I often tell people that I HATE public variables and that I avoid them where ever possible. Actually this is only partially true. I hate public variables in MY CODE. Now if those public variables are found in other peoples code, I typically end up getting a phone call "Can you help our developer with this problem?" I say "sure, not a problem. Here is what it will cost you." Today, I read a post where Marcia said "My price goes up with every public variable found." This is a brilliant idea. I think I will adopt it.


Eric den Doop @ 12/7/2006 4:34:39 PM
if I need public access to a value, I usually store it in a property of a custom class which I add to _screen. This class also has methods to retrieve data from ini files and other lookups. For example:

DEFINE CLASS mysettings
myTitle = "Hello World"
FUNCTION dbPath AS String
RETURN readinivalue("dbPath", C_INIFILE)

Ken Murphy @ 12/7/2006 6:19:04 PM

I normally do a similar thing. There is almost ALWAYS a way to avoid the public variable.

Great feedback! If I could rate it, I would.

Bob Brook @ 12/7/2006 6:49:02 PM
All sounds like my old university professor banning the use of GO TO's.

But we all know that in practise they are wrong to be so dogmatic.

For a program can be shorter, quicker and more easily understood if a few GO TO's are used.

I believe the same of public variables.
Yes they can be abused, but good naming conventions and careful coding, so that most instances of use are assignments from or logic tests makes a program easier to write and maintain.

Their main advatange is that they are ALWAYS available not matter what objects are released; intentionally or otherwise. Especially when a system crashes.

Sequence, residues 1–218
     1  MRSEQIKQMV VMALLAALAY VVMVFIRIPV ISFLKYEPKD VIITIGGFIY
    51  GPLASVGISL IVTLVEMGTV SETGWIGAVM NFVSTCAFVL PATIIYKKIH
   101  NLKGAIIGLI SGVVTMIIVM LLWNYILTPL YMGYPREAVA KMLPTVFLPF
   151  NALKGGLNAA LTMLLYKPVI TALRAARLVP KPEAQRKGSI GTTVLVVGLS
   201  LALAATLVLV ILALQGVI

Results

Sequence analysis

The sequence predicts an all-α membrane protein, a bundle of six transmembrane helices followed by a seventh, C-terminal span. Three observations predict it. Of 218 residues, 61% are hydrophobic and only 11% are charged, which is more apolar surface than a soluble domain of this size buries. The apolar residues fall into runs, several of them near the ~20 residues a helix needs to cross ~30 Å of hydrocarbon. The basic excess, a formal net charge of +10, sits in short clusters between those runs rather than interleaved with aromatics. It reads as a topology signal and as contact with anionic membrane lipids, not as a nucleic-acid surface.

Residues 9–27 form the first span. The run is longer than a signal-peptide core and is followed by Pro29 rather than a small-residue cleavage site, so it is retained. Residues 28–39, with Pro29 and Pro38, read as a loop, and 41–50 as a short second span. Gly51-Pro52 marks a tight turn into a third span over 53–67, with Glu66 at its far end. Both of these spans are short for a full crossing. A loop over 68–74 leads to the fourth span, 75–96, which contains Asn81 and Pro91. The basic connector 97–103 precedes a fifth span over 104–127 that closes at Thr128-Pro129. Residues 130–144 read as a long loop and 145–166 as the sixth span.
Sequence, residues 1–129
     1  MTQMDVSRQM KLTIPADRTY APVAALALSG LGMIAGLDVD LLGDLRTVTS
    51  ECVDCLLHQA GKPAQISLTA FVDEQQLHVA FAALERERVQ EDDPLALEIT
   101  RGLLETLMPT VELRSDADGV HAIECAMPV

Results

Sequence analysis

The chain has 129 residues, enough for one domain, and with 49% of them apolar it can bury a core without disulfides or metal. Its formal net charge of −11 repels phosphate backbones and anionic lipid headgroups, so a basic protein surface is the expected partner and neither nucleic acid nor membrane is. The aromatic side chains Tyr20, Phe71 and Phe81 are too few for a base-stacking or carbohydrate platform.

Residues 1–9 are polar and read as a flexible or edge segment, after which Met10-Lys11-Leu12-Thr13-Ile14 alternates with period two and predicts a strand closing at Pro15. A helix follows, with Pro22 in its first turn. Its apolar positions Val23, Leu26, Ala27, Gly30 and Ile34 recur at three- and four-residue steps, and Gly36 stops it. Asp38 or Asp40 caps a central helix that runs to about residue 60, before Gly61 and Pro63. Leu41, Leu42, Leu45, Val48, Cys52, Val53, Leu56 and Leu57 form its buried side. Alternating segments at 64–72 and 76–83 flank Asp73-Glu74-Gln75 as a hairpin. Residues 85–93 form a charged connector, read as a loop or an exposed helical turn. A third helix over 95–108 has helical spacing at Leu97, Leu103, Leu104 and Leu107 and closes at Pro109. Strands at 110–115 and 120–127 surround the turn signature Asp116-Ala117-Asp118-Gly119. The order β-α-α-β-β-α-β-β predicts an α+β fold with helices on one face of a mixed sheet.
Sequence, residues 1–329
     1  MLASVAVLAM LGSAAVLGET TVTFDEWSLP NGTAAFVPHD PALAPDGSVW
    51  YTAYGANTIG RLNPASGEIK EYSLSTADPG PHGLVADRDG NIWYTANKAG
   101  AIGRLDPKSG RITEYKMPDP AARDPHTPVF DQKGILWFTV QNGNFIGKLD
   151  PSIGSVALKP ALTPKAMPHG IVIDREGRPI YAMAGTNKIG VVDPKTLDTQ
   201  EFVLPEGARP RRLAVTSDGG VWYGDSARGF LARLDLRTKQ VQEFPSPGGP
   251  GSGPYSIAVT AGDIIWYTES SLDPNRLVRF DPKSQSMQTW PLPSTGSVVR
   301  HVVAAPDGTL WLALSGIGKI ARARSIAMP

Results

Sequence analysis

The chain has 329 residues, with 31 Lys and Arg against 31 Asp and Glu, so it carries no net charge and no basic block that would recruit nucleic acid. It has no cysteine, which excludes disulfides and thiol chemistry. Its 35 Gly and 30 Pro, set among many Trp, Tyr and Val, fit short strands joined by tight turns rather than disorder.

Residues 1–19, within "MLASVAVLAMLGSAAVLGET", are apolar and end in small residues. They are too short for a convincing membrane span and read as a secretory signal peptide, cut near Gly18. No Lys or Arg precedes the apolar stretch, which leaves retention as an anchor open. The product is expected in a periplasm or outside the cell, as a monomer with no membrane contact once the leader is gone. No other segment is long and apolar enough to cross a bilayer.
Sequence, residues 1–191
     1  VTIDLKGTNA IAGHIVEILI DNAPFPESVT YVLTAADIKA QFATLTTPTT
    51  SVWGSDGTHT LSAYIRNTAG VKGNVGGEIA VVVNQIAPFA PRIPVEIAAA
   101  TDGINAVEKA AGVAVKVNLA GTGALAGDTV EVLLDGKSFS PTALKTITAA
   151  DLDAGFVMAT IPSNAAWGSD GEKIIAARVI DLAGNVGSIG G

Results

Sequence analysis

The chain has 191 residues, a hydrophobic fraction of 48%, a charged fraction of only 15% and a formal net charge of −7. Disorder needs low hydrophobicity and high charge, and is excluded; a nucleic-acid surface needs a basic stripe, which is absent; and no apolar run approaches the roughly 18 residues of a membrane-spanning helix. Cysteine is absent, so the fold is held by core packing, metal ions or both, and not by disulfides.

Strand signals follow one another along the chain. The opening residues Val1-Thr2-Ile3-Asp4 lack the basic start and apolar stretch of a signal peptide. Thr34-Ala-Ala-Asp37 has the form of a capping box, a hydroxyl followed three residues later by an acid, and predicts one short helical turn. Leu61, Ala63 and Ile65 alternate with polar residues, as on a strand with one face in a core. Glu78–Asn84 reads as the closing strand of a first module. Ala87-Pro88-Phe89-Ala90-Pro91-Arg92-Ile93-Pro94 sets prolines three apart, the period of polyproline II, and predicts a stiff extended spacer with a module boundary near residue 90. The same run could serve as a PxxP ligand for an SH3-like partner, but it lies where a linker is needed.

This makes them good for tracking user paths through software and reporting under an On Error routine.

I use them to hold key data like:
- open company
- open financial year
- current e-mail address (customer/supplier/contact) of last accessed record

or any variable that is constantly being used.

I feel their pitfalls are no worse that other similar traps in VFP - like not declaring a local variable and then using/changing a variable of the same name in a higher procedure/function.

For me globals work well and make programs easier to read, type and debug, not the other way round.

All my globals begin with g followed by s/n/i/l/ etc.for its data type.

Andy Kramek @ 12/7/2006 9:27:26 PM
Bob, I am afraid that you are incorrect in your assessment. The real objection to PUBLIC variables in an OOP environment is that they break the fundamental rule of object programming - i.e. that an object should encapsulate its data and methods. A public variable (by definition) breaks encapsulation and is, therefore, bad practice in an OOP environment.